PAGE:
- The V0 draft introduces a conceptual framework informed by key principles established in previous HLPE-FSN reports (HLPE, 2017; HLPE, 2020), including agency, equity and justice.
Do you find the proposed framework an effective conceptual device to highlight and discuss the key issues with regard to inequity and inequality for food security and nutrition (FSN)? Do you think that this conceptual framework can contribute to providing practical guidance for policymakers? Can you offer suggestions for examples that would be useful to illustrate and facilitate the operationalization of the conceptual framework to address issues relevant for FSN?
- The report adopts the definition of food security, proposed by the HLPE-FSN in 2020, which includes six dimensions of food security: availability, access, utilization, stability, agency and sustainability. Does the V0 draft cover sufficiently the implications of broadening the definition of food security with regard to inequalities?
- This report considers inequalities as well as inequities, and to facilitate this consideration it makes some choices and simplifications. The report adopts definitions of inequalities, inequities, injustice, unfairness, exclusion, marginalization, discrimination, patriarchy, racism, colonialism, ableism, empowerment…Acknowledging that agreeing on definitions of these complex areas is difficult, do these definitions work with your own interpretations of these concepts? Are there any controversial or incorrect issues in terms of these proposed definitions?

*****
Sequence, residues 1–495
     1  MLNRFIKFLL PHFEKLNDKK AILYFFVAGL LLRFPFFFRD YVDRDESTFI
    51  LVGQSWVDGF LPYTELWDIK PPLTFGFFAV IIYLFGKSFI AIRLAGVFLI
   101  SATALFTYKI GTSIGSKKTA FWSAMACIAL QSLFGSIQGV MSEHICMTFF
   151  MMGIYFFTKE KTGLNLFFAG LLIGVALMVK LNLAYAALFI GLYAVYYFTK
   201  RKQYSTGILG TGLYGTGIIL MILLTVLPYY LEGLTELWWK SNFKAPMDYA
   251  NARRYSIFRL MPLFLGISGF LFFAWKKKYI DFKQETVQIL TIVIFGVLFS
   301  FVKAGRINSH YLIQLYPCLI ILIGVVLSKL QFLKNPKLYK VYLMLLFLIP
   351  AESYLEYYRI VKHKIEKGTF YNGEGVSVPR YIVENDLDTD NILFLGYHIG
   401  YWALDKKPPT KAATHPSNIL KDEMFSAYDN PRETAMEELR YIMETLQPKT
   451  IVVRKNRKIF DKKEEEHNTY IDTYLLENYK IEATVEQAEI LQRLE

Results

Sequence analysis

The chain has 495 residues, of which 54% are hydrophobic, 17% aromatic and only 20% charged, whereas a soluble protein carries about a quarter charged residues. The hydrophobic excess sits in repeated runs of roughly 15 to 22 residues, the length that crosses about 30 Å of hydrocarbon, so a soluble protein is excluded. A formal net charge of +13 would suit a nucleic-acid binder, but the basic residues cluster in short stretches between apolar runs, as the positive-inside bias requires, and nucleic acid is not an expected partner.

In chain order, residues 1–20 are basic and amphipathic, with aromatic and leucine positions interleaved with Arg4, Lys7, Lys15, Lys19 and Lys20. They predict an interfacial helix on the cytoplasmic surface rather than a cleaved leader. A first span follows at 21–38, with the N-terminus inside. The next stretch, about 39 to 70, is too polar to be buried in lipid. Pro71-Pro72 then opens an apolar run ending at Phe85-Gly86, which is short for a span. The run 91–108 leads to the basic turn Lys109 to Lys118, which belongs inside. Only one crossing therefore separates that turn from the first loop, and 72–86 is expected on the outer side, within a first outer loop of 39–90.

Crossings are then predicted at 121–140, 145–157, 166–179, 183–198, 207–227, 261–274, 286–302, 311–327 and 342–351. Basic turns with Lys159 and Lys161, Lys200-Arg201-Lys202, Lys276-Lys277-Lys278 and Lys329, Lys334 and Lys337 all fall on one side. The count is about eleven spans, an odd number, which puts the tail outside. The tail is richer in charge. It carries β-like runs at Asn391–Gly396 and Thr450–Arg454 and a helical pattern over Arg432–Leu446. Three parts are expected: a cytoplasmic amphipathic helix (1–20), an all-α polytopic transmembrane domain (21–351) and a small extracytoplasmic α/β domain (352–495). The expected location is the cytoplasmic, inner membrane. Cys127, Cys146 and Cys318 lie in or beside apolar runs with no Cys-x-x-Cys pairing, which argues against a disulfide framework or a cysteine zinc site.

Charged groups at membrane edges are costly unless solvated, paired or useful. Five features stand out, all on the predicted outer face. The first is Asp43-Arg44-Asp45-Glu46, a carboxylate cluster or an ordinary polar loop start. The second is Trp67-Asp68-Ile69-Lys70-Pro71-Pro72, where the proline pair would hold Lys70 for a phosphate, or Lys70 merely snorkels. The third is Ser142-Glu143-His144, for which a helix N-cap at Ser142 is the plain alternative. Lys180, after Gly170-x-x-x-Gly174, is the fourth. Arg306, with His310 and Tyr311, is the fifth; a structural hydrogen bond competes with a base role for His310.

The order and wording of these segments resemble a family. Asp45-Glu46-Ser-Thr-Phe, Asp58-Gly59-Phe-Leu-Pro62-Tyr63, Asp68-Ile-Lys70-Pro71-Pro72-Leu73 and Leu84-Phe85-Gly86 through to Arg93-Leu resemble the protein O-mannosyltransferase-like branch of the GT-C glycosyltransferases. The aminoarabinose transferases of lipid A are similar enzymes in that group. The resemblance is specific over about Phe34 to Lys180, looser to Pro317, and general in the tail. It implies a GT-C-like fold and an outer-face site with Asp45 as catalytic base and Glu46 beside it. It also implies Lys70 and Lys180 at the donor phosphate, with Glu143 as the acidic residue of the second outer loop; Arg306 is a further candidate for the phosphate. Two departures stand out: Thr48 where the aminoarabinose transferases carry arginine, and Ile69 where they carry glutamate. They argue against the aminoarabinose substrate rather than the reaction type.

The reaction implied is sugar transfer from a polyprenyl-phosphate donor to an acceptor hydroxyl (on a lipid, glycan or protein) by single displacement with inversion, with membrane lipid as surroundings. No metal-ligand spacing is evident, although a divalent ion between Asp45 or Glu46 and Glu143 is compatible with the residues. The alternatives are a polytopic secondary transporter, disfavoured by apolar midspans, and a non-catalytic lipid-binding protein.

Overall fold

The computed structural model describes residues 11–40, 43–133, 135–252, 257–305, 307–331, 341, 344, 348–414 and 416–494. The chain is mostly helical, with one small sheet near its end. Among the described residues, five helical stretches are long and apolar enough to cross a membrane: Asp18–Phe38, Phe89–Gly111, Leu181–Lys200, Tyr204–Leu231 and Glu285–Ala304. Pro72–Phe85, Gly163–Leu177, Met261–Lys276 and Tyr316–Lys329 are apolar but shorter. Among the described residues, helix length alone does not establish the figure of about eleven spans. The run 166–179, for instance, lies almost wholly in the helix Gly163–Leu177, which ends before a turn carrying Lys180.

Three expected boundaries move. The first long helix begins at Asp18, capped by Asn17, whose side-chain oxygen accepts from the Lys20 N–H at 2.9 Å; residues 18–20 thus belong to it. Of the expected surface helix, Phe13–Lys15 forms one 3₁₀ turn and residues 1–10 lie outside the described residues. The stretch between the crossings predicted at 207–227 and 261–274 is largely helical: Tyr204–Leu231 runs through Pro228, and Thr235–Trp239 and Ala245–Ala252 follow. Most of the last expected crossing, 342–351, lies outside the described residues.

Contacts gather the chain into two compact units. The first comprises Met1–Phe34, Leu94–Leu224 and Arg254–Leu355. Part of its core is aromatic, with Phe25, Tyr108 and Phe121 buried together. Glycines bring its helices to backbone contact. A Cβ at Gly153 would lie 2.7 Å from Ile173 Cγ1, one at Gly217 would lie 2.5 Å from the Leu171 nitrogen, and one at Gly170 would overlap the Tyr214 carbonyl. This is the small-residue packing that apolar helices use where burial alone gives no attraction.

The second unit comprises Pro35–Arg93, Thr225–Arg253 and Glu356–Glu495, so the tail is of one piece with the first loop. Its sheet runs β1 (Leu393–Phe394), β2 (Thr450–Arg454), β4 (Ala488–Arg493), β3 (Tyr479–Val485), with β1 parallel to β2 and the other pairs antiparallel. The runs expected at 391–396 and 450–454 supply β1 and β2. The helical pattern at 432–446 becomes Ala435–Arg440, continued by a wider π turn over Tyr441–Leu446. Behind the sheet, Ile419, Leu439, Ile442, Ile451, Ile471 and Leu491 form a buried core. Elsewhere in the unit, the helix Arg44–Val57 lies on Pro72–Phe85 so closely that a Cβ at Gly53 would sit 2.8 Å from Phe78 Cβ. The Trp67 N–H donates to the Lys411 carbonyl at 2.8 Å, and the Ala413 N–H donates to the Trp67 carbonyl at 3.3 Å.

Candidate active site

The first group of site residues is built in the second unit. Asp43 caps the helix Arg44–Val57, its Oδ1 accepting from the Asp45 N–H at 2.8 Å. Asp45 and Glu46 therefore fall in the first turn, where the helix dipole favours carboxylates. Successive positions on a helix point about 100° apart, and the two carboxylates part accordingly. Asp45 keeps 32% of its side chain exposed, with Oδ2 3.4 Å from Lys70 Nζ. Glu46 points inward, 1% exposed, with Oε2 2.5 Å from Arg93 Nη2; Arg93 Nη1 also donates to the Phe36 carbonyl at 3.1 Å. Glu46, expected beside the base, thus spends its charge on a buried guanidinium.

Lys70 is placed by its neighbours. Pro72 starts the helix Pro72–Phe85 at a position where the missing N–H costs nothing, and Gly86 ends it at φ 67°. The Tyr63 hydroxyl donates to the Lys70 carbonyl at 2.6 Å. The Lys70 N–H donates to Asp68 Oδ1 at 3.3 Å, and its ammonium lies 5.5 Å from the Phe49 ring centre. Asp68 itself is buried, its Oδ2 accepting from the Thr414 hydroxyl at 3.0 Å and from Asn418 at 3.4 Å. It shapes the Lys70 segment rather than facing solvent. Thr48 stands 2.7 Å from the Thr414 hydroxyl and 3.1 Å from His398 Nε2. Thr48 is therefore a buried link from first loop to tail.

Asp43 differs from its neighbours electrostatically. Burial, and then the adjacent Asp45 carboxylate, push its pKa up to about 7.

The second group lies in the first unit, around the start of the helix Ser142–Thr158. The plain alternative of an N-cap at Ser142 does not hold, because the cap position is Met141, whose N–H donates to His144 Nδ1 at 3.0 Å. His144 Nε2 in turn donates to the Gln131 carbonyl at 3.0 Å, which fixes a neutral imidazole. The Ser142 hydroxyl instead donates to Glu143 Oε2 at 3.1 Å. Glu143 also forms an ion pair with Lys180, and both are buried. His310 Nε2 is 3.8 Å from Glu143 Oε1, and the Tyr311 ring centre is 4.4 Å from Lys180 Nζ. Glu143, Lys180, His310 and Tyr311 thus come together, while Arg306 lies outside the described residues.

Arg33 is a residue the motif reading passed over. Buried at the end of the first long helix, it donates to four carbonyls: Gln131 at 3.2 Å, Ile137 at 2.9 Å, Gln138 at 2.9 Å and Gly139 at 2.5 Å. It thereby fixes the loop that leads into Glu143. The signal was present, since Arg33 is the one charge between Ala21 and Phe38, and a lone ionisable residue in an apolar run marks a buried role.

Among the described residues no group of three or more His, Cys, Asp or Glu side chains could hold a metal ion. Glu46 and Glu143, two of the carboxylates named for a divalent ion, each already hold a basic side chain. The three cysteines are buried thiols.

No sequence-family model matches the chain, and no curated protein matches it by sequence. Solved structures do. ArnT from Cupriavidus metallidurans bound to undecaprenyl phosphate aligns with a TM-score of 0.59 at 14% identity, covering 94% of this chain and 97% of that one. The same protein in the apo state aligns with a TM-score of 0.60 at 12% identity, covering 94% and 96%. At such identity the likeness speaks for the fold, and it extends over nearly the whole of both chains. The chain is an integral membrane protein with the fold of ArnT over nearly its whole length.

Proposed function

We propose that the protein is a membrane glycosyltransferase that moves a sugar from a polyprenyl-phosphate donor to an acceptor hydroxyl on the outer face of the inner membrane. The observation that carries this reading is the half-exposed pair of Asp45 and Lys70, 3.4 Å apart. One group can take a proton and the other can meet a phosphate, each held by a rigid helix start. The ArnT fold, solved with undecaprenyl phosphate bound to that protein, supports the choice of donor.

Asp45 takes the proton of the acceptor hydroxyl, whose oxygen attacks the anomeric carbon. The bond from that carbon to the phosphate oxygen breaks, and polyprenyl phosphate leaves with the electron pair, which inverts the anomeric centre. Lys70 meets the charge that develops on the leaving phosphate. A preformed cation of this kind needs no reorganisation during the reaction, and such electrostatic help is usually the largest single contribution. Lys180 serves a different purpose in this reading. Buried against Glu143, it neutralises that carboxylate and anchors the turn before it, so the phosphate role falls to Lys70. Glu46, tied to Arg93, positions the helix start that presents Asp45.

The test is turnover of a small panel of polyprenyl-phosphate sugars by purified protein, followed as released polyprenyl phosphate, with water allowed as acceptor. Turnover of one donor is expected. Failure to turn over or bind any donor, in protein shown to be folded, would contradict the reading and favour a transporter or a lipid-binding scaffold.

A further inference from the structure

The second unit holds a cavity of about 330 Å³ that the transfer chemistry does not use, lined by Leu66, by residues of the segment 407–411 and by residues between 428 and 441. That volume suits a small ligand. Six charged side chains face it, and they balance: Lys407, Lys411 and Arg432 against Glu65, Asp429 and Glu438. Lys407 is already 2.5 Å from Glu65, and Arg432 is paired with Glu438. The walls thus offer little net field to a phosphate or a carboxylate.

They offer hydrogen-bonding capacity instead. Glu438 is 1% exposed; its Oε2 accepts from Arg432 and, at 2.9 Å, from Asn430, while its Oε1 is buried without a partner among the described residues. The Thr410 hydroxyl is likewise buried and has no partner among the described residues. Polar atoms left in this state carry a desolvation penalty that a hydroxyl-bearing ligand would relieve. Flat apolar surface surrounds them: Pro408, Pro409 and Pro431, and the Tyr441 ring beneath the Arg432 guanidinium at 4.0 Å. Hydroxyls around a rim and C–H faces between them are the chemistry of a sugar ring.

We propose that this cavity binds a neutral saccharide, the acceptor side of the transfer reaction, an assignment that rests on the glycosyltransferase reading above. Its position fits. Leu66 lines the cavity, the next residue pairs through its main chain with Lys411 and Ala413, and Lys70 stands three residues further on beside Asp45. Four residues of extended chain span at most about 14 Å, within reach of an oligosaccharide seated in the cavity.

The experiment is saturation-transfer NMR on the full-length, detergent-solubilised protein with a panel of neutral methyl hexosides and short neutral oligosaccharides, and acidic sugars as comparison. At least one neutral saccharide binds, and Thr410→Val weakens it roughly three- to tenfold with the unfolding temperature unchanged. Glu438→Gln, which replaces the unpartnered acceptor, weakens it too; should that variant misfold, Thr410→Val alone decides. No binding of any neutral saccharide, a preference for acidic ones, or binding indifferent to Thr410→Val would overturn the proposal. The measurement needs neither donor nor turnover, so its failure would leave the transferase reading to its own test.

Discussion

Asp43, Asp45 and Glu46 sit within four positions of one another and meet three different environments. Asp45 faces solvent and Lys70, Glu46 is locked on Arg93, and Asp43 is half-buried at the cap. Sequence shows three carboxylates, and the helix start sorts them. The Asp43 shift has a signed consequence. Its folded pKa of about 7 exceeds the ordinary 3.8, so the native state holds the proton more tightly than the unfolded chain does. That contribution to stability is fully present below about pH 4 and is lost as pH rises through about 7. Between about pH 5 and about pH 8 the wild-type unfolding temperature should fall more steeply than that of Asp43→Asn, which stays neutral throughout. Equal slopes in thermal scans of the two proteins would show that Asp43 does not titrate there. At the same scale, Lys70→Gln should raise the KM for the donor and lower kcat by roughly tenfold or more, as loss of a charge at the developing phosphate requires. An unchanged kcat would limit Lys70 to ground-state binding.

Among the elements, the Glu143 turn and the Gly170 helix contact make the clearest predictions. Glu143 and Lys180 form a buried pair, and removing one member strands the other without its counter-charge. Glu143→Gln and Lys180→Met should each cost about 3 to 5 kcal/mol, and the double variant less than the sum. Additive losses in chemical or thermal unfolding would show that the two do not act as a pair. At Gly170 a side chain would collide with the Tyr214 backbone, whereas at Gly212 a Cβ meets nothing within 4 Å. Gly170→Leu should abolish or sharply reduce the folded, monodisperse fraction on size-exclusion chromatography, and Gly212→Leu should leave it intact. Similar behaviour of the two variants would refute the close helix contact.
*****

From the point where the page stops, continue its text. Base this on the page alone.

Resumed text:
- The V0 draft describes major inequalities in FSN experiences across and within countries. Are there any major gaps in the literature and data referred to in the report?
- The deeper layer of structural drivers fundamental to understanding inequity, including sociocultural, economic and political aspects are examined, as well as actions and policies to reduce inequalities that mirrors these layers of drivers.Does the review adequately cover the main drivers of inequalities? Could you offer additional examples of existing FSN initiatives and policies that were able to alleviate the deeper inequities seen in food systems and FSN experiences?
- Are the trends identified the key ones in affecting inequitable and unequal experiences of FSN? If not, which other trends should be considered?
- Are there any other issues concerning inequalities in FSN or within food systems that have not been sufficiently covered in the draft report? Are topics under- or over-represented in relation to their importance?
- Are there any redundant facts or statements that could be eliminated from the V0 draft?
- Can you suggest success stories from countries that were able to reduce FSN inequalities?
The results of this consultation will be used by the HLPE-FSN to further elaborate the report, which will then be submitted to peer review, before finalization and approval by the HLPE-FSN drafting team and the Steering Committee (more details on the different steps of the process, are available here).
To contribute to the consultation, click here.